Casey E. Copen, Ph.D, et al., “Prevalence and Timing of Oral Sex with Opposite-sex Partners among Females and Males Aged 15–24 Years: United States, 2007–2010,” National Health Statistics Reports (August 2012).
The researchers analyzed data from the National Survey of Family Growth (NSFG) covering the years 2007–2010. Over 6,000 youth ages 15 to 24 were asked whether their first oral-genital sexual contact with an ‘opposite sex’ partner occurred before, after, or on the same occasion as their first penis-vagina intercourse. Responses were gathered using audio computer-assisted self-interviewing (youth entered their answers to questions into a computer without telling them to an interviewer).
- About two-thirds of females (66%) and males (65%) aged 15–24 years had ever had oral sex with an ‘opposite sex’ partner.
- Among females aged 15–24 years, 26% had first oral sex before first vaginal intercourse; 27% had oral sex after intercourse; 7.4% had oral sex on the same occasion as first intercourse; and 5.1% had oral sex, but no vaginal intercourse.
- Among males aged 15–24 years, 24% had first oral sex before first intercourse; 24% had oral sex after first intercourse; 12% had oral sex on the same occasion as first intercourse; and 6.5% had oral sex, but no vaginal intercourse.
Despite almost two decades of decline in the percentage of teenagers who ever had vaginal intercourse, and increases in condom use by sexually-active youth, the rate of sexually transmitted infections (STIs) has not decreased significantly for these populations. As the researchers are careful to note in this report, in 2010 roughly one-half of all new STIs in the United States occurred among people aged 15–24. The data from the National Survey of Family Growth show that in a nationally representative sample of teens and young adults, roughly two-thirds have had oral sex with an ‘opposite sex’ partner and one-fourth had oral sex with an ‘opposite sex’ partner prior to vaginal intercourse, regardless of gender.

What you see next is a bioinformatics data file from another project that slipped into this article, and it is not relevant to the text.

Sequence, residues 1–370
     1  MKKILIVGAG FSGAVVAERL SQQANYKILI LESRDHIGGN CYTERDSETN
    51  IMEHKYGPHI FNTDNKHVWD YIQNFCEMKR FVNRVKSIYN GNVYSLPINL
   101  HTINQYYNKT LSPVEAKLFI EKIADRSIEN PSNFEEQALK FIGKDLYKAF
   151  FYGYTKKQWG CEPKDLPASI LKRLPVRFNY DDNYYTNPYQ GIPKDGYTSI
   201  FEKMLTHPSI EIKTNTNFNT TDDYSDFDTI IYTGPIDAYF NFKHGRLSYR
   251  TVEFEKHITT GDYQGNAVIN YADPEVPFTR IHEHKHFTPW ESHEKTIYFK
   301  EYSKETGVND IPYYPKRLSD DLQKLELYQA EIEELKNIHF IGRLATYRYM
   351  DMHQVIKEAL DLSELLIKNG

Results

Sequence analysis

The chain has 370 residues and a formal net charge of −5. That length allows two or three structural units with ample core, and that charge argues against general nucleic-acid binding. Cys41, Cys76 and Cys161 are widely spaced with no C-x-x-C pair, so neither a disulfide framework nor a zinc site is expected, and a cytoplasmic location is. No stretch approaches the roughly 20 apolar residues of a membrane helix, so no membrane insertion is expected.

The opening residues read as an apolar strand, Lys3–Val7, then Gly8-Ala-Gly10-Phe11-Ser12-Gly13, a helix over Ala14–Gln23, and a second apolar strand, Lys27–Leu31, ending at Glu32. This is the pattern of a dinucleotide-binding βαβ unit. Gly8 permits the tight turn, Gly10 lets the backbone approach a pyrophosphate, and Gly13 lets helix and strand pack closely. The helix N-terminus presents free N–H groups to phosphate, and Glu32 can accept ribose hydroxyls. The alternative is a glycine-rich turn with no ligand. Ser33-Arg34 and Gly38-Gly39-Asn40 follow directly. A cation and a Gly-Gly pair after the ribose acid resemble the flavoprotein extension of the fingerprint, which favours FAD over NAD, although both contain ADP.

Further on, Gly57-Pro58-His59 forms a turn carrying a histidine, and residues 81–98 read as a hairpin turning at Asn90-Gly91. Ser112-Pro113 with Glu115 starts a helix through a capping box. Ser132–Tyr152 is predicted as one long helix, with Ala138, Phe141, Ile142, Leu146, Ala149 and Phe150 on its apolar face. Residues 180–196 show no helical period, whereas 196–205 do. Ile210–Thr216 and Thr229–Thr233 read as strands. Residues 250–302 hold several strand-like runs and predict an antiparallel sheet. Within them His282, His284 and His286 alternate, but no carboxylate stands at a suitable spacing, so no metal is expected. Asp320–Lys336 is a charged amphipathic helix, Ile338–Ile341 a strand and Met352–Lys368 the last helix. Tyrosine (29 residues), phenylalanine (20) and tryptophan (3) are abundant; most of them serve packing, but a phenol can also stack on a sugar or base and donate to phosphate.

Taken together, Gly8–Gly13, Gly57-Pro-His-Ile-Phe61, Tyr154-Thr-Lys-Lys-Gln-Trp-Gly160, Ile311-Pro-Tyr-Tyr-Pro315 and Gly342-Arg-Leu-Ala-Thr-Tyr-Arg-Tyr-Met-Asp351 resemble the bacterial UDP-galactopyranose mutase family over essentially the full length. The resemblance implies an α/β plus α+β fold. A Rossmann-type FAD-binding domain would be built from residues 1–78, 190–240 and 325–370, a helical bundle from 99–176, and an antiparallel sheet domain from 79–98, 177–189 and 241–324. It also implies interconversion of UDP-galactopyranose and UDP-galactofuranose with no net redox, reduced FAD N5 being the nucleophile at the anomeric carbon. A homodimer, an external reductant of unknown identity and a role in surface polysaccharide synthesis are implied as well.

While oral sex generally places one at less risk for STIs than unprotected vaginal or anal intercourse, it is not a risk-free activity. Sexuality educators have struggled with educational policy makers to address this topic as comprehensively as possible, since many young people engage in this behavior long before they engage in risk behaviors for unintended pregnancy (i.e. penis-vagina intercourse).
The researchers note that there has long been speculation as to the reasons some young people in ‘opposite-sex’ pairings engage in oral sex before vaginal intercourse: among these may be to preserve ‘virginity’, to reduce risk for STIs, or to experience sexual pleasure while being able to claim that one is practicing abstinence (from penis-vagina intercourse). The study does not help to clear-up these questions, as the authors freely admit:
“This report provides basic descriptive statistics on types of sexual behavior among adolescents and young adults, and does not address the myriad factors that influence the timing and sequencing of these sexual experiences for this population.”
Nonetheless, the data invite future researchers to explore the reasoning behind young people’s decisions to engage in oral sex before, during, or after an initial experience with penis-vagina intercourse. Future research could also explore the oral sex behaviors of youth in same-sex relationships and compare them with youth in heterosexual relationships. Additionally, the sexuality education field would benefit from data that would inform the development of programs that acknowledge oral sexual behaviors and foster informed discussion of the risks and reasons associated with them.
Copen CE, Chandra A, Martinez G. (2012). Prevalence and timing of oral sex with opposite-sex partners among females and males aged 15–24 years: United States, 2007–2010. National Health Statistics Reports; no 56. Hyattsville, MD: National Center for Health Statistics, accessed 30 August 2012, <http://www.cdc.gov/nchs/data/nhsr/nhsr056.pdf>.